The Muddler Minnow is one of the most popular fly patterns in the world. According to Joseph D. Bates, in his classic book "Streamers & Bucktails," the Muddler Minnow fly was invented by commercial fly tyer Don Gapen in about 1950 to catch Brook trout from the Nipigon River, Ontario, CA. Since then the "Muddler" has been copied by nearly every fly tyer and used to catch nearly every specie of fresh water game fish that will eat a fly. The Muddler was originally tied to represent the Cockatush minnow, a type of sculpin prevalent in the Nipigon watershed. The Muddler became popular in Montana and Alaska as "the" sculpin pattern, but in the Rocky Mountain states it was also widely used as floating grass hopper pattern.
It was only natural that Muddlers would also become popular steelhead flies. Pioneer work by such angling legends as Bill McMillan and Bob Grew brought the Muddler to the attention of west coast anglers. Now "Steelhead Muddlers" have evolved into many forms, but are most often fished in the surface film with a floating fly line and long leader. As such, they kind of fit into the waking fly catagory. However, Muddlers really aren't waking flies in the truest sense, because they tend to duck in and out of the surface film. This up and down bobbing and weaving action can be a turn-on for steelhead that are hesitant to hit any other type of fly. Muddlers are also fished subsurface with sinking tip lines. When the fly is submerged under tension it is often enveloped in a a large shimmering bubble of air that was pulled under underwater by the large bushy head. The Steelhead Muddler in a variety of colors is a very important fly type to have with you when fishing fall steelhead east or west of the Cascades.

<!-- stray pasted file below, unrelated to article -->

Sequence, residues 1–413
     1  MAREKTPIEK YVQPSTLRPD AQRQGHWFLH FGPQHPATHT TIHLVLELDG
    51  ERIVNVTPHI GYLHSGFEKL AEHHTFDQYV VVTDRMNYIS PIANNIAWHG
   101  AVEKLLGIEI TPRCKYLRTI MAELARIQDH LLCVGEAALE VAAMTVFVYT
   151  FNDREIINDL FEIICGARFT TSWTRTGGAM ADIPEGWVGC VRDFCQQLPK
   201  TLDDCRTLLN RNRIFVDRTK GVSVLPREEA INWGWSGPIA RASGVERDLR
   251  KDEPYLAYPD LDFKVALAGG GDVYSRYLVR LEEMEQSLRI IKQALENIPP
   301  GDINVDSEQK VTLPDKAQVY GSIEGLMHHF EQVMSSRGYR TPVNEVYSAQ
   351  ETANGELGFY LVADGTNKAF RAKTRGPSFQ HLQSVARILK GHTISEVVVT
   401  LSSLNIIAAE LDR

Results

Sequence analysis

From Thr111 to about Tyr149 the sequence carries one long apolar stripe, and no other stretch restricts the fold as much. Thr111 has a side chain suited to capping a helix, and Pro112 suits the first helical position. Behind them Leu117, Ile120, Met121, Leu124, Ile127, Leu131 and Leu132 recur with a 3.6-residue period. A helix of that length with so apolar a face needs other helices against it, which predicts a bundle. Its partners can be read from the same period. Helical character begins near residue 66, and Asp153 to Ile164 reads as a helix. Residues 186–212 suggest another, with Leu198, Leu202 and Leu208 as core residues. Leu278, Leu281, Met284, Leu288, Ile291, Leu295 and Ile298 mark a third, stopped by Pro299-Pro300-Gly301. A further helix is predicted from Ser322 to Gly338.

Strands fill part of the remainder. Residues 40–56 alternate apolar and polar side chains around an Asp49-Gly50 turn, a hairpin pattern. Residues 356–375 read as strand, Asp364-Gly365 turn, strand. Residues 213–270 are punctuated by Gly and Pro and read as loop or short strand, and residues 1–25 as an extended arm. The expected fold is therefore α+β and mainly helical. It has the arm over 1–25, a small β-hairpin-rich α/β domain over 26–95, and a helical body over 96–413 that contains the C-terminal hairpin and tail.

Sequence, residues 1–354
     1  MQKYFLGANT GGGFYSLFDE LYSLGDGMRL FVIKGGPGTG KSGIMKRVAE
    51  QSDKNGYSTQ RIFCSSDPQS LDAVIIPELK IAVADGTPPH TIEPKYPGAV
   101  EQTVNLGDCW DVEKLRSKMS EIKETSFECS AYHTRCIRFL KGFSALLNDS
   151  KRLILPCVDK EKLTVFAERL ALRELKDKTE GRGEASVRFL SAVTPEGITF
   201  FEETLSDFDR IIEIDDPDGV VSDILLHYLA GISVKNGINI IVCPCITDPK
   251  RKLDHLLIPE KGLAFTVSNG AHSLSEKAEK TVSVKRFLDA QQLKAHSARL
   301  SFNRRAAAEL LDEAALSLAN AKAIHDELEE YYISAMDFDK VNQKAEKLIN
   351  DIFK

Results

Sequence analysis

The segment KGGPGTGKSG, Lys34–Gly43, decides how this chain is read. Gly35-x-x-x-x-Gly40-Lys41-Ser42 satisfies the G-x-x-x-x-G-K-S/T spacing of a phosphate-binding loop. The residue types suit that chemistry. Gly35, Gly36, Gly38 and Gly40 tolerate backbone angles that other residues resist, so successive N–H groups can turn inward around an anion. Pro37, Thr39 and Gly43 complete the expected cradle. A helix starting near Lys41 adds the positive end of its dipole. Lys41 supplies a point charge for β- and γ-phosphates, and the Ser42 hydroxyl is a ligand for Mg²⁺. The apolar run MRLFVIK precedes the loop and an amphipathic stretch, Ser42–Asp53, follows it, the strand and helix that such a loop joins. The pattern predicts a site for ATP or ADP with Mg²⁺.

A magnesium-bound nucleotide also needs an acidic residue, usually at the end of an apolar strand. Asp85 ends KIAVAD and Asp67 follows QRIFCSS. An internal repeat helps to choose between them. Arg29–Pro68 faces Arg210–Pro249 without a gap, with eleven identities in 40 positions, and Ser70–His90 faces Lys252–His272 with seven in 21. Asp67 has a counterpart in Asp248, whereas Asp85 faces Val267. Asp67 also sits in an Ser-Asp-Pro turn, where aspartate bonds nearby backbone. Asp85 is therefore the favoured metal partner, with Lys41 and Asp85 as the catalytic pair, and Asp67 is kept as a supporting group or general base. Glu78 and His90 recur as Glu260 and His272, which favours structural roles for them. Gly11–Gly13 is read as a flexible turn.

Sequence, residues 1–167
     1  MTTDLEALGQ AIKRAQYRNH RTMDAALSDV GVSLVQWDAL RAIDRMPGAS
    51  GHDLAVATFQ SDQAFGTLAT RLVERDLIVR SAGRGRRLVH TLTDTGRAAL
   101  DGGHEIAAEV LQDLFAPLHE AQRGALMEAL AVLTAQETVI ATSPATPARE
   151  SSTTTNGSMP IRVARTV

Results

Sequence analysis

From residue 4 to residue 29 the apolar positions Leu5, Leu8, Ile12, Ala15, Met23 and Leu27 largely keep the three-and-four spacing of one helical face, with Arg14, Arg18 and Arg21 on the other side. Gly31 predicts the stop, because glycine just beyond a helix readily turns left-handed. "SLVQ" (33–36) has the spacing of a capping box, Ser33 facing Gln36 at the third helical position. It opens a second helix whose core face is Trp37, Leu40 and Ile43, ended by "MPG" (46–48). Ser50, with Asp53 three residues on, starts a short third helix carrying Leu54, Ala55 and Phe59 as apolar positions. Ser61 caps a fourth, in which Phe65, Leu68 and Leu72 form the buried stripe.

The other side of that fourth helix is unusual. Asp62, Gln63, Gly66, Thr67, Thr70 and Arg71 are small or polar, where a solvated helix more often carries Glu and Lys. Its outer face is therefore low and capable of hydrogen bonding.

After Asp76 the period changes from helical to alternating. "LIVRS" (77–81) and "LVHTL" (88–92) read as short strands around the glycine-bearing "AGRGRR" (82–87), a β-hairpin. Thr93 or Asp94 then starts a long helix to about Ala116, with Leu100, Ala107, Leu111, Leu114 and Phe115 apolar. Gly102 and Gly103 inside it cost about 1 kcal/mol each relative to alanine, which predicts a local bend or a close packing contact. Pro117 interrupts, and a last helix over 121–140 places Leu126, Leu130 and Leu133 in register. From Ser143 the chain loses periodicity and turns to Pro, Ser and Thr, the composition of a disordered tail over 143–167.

This is a pattern that is deadly all over the world for many species of game fish. This gold-bodied version is a favorite in clear water and is the original version. Not as well known as a steelhead fly, it is never the less very productive. Ours are tied with very large heads so they buck a lot of water and entice fish that won't move for anything else.